Monday, July 28, 2008
193 Thurman Ave. (map it!)
Columbus, OH 43206
Open Tues-Sat, 6:30 a.m. - 3 p.m.; Sun, 8 a.m. - 3 p.m.
Accepts cash and credit/debit
Date of Visit: Friday, June 27, 2008 at 10:00 a.m.
IMPRESSIONS: German Village Coffee Shop has been on my list of local to-visits for a while, and just recently my wife and I stumbled upon it during a Saturday afternoon drive through German Village. Ever have that? One of those moments when you've heard of a place - say, a restaurant - many times over, and always intend to go, but you never actually do it until you see the place yourself. Such was the case for me with the GV Coffee Shop.
The Shop is in a strip of restaurants on Thurman Ave. in southern German Village, just south of Schiller Park. In the same row stands the Easy Street Cafe and the Columbus-landmark Thurman Cafe, which serves up the best and biggest burger in town. The GV Coffee Shop's small exterior makes it easy to pass by, and thus more of a treasure when you do discover it.
ATMOSPHERE: This breakfast joint is classic small diner. Cuh-lassic. Open the door, step inside, and you're standing on top of half the patrons. To your right sits the grill, with a long counter and swivelly stools observing it. To the left is a row of booths. Mere feet above your head is the ceiling. And that's it.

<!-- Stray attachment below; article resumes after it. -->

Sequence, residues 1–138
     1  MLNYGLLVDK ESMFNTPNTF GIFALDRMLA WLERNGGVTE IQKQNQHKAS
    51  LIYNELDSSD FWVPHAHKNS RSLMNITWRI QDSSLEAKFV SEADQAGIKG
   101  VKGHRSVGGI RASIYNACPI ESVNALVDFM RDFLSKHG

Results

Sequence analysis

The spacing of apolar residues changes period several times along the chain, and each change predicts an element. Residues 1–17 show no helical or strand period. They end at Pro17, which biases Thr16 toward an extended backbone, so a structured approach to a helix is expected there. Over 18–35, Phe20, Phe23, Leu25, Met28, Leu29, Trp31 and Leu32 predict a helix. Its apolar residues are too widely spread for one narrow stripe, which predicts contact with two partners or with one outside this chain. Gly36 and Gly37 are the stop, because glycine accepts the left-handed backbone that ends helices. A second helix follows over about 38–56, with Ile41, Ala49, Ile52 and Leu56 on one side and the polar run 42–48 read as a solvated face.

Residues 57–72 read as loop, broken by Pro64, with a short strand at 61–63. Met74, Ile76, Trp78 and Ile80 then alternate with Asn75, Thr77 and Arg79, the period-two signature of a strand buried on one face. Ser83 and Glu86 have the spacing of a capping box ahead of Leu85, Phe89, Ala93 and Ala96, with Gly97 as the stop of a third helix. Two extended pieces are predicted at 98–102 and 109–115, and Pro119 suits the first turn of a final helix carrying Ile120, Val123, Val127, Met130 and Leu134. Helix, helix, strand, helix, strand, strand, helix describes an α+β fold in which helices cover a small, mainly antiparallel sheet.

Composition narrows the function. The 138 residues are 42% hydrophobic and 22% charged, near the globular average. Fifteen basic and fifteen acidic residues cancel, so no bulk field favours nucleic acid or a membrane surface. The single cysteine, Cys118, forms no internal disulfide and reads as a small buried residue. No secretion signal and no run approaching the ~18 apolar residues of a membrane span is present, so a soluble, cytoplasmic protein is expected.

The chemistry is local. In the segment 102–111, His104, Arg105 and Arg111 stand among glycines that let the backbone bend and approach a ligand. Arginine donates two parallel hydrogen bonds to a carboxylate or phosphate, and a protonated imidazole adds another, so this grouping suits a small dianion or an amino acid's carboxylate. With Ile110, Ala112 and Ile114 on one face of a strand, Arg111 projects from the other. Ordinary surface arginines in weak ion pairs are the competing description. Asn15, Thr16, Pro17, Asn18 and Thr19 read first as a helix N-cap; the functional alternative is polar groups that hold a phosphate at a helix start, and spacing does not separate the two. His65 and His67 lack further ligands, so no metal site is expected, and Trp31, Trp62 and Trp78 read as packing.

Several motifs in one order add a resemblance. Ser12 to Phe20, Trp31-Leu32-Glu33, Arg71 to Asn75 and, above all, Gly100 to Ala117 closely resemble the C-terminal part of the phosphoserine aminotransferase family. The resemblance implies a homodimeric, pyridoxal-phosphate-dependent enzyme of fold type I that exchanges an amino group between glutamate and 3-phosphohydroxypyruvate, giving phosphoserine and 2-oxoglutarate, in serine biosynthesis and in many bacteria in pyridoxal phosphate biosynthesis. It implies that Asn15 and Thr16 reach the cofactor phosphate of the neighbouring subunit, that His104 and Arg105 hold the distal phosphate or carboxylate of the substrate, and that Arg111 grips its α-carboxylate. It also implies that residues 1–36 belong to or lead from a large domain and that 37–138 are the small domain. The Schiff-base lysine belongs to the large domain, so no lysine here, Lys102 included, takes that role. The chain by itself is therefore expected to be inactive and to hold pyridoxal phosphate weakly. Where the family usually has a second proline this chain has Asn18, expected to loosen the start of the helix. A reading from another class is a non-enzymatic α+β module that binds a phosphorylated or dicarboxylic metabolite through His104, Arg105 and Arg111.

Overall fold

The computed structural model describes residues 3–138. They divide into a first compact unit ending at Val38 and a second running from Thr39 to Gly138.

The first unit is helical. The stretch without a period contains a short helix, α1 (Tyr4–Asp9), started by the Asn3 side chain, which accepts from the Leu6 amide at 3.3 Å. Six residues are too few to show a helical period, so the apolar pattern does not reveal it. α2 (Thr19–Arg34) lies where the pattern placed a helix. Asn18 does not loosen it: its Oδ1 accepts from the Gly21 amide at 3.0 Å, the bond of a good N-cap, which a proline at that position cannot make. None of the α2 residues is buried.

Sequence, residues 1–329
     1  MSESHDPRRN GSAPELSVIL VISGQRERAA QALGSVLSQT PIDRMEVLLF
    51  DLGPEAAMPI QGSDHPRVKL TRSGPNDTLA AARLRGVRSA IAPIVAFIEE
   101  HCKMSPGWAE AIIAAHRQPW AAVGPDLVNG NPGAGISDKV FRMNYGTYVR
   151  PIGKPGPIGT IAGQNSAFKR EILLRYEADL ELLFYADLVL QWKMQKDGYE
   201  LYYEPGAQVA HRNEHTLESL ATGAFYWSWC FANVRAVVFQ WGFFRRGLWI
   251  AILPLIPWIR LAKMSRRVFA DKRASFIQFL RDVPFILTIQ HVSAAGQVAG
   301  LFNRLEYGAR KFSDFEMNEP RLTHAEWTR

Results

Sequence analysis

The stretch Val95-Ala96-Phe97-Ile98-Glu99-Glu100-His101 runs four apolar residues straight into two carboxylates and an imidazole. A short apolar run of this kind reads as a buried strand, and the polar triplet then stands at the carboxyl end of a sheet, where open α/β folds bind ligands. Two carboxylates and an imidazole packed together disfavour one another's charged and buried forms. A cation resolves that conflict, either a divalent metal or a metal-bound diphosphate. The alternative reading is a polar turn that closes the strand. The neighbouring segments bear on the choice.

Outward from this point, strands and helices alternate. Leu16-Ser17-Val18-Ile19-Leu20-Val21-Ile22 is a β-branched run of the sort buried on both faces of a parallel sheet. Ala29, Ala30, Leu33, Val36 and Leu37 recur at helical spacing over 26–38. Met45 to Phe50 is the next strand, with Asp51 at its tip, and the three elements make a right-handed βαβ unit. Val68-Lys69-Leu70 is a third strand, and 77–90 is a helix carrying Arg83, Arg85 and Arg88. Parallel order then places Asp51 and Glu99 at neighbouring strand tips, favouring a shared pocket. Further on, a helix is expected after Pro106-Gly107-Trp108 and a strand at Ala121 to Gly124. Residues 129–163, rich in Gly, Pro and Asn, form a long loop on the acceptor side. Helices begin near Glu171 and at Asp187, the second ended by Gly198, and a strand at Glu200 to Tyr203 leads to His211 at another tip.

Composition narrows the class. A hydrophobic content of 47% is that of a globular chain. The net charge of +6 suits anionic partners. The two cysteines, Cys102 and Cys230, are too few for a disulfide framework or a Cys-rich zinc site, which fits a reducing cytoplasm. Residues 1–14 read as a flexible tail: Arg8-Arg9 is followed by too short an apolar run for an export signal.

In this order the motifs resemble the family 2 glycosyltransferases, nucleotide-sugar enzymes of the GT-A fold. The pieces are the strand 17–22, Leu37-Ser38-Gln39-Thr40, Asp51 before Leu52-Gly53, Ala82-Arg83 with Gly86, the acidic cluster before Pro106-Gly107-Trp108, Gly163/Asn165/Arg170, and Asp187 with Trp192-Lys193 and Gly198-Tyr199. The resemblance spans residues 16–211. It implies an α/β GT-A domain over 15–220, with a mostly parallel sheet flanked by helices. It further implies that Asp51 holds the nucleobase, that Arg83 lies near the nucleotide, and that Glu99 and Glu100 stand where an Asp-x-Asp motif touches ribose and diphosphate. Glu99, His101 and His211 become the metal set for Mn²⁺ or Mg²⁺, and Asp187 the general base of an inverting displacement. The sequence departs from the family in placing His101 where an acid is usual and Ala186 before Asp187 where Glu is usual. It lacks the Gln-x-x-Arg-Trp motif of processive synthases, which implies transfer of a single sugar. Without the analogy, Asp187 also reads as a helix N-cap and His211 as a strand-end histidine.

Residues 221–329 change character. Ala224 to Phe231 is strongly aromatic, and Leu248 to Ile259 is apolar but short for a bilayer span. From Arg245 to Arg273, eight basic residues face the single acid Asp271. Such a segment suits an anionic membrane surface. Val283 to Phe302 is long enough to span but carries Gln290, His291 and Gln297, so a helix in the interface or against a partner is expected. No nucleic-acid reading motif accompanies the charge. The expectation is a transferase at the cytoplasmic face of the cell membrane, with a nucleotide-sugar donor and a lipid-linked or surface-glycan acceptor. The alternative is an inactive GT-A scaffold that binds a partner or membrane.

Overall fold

My breakfast partner Chip and I counted 5 thin booths, 2 bigger tables, and about a dozen stools at the counter. From the ceiling hangs one - ONE - florescent light. Aside from a small series of lights at each table (see below), there's nothing else to light the place. Like many classic diners (think Goody Boy in Short North or Nancy's in Clintonville), your meal is a group affair, whether you like it or not. You can overhear (and be overheard) every conversation in the room, over the sound the grill. This is great if you're a regular. And a steady stream of them poured through the door; we watched two couples at the counter share pictures of their kids.
The fake wood-paneled walls sport old black-and-white pictures of the cafe, and each table has the little wooden set-up pictured above. I suppose it's a nice space-saver, this little condiment shelf. I love the stack of napkins way up top.